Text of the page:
# What is the computational complexity of Acyclic Joins?

I am quite new to relational algebra, but I realize that there are efficiency proofs for processing Acyclic joins. I have not been able to understand these results, but this particular problem is quite interesting to me. Given the following table, say $$R_i$$, $$i \in \{1..n\}$$

$$\begin{array}{|c|c|c|} \hline A_{i}& A_{i+1} \\ \hline 0 & 0 \\ \hline 0 & 1 \\ \hline 1 & 0 \\ \hline 1 & 1 \\ \hline \end{array}$$ Now, I want to evaluate $$R_{1}\bowtie_{A_2}R_{2}\bowtie_{A_3} ... R_{n-2}\bowtie_{A_{n-1}}R_{n-1}$$, which is going to be a table with attributes $$A_{1} .. A_{n}$$ and $$2^{n}$$ rows(Basically resembling a Truth table). What is going to be the computational complexity of evaluating this join, given that it is an acyclic, K-uniform join ? Also, are there any gaurentees for cyclic joins which are of the form as I mentioned above (i.e same the column names keep changing but the table attribute remain the same for ex. AB,BA,AC)

It essentially depends on what you mean by "evaluating this join". If you want to compute the whole table, then the $$2^n$$ blow-up is unavoidable, just because you need to store all these values.

However, given an acyclic query, you can compute the "semi-join" in time linear in the size of the data and linear in the size of the query. The semi-join is the projection of the results on the variables you still need to finish the computation. In your case, you inductively compute a relation $$B_i = \Pi_{A_i,A_{i+1}}(R_1 \bowtie \dots \bowtie R_i)$$. In the general case, you compute it inductively on the join tree in a bottom-up fashion and you only keep the variables that appears in the bag you are visiting. More details on this approach could be found in  or [2, Chapter 6].

Now you can also enumerate all tuples in the result with a polynomial time delay between two solutions. Even though you need an exponential time to enumerate all solutions, you can guarantee to have enumerated $$t$$ solutions after a time $$t \times poly(n)$$. You can even sometimes (with extra structure) guarantee a constant delay between two solutions. You can read more in  or in  for a more generic approach.

There is a lot more you can do on acyclic conjunctive queries in polynomial time such as counting the number of tuples in the result  (you need to be quantifier free however, or it becomes #P-complete again). One way of uniformly explains these tractability results is through the lens of factorized databases . The paper is quite dense but the main idea boils down to the following: given an acyclic conjunctive query $$Q$$ and a database $$D$$, you can compute in time linear in the size of $$D$$ and $$Q$$, a circuit computing $$Q(D)$$. This circuit only usess Cartesian products gates and disjoint union gates and its input are small relations. Given such a circuit, you can then show that it is tractable to enumerate the tuples of the relation it represents (you can also count and do many other interesting things).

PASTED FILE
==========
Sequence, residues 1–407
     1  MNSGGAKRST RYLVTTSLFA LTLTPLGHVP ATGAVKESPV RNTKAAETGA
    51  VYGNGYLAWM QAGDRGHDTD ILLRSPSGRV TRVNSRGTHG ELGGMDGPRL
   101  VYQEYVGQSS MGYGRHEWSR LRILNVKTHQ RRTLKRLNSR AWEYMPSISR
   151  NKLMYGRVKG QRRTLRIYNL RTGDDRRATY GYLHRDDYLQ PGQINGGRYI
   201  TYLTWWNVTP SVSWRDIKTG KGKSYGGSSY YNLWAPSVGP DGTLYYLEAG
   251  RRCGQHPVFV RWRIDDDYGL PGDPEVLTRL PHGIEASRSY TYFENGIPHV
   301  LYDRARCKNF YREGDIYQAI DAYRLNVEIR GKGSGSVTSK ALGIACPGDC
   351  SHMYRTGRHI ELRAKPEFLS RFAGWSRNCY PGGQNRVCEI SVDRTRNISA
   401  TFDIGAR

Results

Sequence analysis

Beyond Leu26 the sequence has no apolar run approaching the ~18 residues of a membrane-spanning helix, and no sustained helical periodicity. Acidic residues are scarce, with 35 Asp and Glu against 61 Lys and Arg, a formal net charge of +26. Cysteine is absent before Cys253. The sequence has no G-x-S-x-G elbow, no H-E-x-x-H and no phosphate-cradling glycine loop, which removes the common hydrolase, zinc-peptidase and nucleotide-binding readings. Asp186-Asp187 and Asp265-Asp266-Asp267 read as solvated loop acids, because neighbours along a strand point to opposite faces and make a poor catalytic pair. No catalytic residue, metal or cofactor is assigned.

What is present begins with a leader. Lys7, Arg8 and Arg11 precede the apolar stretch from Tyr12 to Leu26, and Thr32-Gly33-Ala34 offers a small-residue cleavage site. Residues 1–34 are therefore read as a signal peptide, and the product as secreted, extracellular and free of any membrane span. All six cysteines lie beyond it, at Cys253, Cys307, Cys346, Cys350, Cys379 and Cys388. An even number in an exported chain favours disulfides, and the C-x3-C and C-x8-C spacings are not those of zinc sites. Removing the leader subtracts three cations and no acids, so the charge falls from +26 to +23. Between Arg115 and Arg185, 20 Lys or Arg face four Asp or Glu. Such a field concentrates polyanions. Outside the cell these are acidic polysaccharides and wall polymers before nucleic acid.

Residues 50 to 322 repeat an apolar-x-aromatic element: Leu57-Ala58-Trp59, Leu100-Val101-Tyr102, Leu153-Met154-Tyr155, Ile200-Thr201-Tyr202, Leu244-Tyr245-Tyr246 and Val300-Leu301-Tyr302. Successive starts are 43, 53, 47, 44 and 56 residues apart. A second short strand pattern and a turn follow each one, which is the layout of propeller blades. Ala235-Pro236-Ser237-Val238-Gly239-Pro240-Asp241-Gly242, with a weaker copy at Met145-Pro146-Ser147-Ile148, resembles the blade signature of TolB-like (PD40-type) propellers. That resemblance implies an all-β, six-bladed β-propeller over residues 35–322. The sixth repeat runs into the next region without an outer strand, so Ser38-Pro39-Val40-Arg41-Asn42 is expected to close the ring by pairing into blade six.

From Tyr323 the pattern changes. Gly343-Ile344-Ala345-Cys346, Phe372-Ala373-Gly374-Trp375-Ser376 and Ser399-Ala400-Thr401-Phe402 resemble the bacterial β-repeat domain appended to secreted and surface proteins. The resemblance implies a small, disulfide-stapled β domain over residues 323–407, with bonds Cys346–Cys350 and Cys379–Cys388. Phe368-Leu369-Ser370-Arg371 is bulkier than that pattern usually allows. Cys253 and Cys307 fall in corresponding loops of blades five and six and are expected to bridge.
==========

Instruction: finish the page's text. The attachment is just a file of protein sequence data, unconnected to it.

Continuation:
# References

 Flum, Jörg, Markus Frick, and Martin Grohe. "Query evaluation via tree-decompositions." Journal of the ACM (JACM) 49.6 (2002): 716-752.

 Libkin, Leonid. Elements of finite model theory. Springer Science & Business Media, 2013.

 Bagan, Guillaume, Arnaud Durand, and Etienne Grandjean. "On acyclic conjunctive queries and constant delay enumeration." International Workshop on Computer Science Logic. Springer, Berlin, Heidelberg, 2007.

 Idris, Muhammad, Martín Ugarte, and Stijn Vansummeren. "The dynamic yannakakis algorithm: Compact and efficient query processing under updates." Proceedings of the 2017 ACM International Conference on Management of Data. 2017.

 Pichler, Reinhard, and Sebastian Skritek. "Tractable counting of the answers to conjunctive queries." Journal of Computer and System Sciences 79.6 (2013): 984-1001.

 Olteanu, Dan, and Jakub Závodný. "Size bounds for factorised representations of query results." ACM Transactions on Database Systems (TODS) 40.1 (2015): 1-44.